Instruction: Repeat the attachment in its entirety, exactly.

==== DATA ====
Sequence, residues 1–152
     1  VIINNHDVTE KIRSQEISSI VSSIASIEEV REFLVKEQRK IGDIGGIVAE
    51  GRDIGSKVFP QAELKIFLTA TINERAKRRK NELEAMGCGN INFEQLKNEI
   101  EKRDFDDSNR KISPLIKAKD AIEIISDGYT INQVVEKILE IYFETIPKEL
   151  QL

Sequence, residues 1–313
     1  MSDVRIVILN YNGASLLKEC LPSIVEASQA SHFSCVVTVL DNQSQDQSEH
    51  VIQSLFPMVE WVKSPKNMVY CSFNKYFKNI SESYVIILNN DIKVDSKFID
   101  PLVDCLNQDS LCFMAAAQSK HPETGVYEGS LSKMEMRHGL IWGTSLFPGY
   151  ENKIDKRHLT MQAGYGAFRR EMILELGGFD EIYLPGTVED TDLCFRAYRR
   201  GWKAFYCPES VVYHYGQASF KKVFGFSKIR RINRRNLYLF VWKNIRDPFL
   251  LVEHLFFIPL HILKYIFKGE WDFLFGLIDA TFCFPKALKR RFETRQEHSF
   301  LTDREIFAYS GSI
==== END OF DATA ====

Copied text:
Sequence, residues 1–152
     1  VIINNHDVTE KIRSQEISSI VSSIASIEEV REFLVKEQRK IGDIGGIVAE
    51  GRDIGSKVFP QAELKIFLTA TINERAKRRK NELEAMGCGN INFEQLKNEI
   101  EKRDFDDSNR KISPLIKAKD AIEIISDGYT INQVVEKILE IYFETIPKEL
   151  QL

Sequence, residues 1–313
     1  MSDVRIVILN YNGASLLKEC LPSIVEASQA SHFSCVVTVL DNQSQDQSEH
    51  VIQSLFPMVE WVKSPKNMVY CSFNKYFKNI SESYVIILNN DIKVDSKFID
   101  PLVDCLNQDS LCFMAAAQSK HPETGVYEGS LSKMEMRHGL IWGTSLFPGY
   151  ENKIDKRHLT MQAGYGAFRR EMILELGGFD EIYLPGTVED TDLCFRAYRR
   201  GWKAFYCPES VVYHYGQASF KKVFGFSKIR RINRRNLYLF VWKNIRDPFL
   251  LVEHLFFIPL HILKYIFKGE WDFLFGLIDA TFCFPKALKR RFETRQEHSF
   301  LTDREIFAYS GSI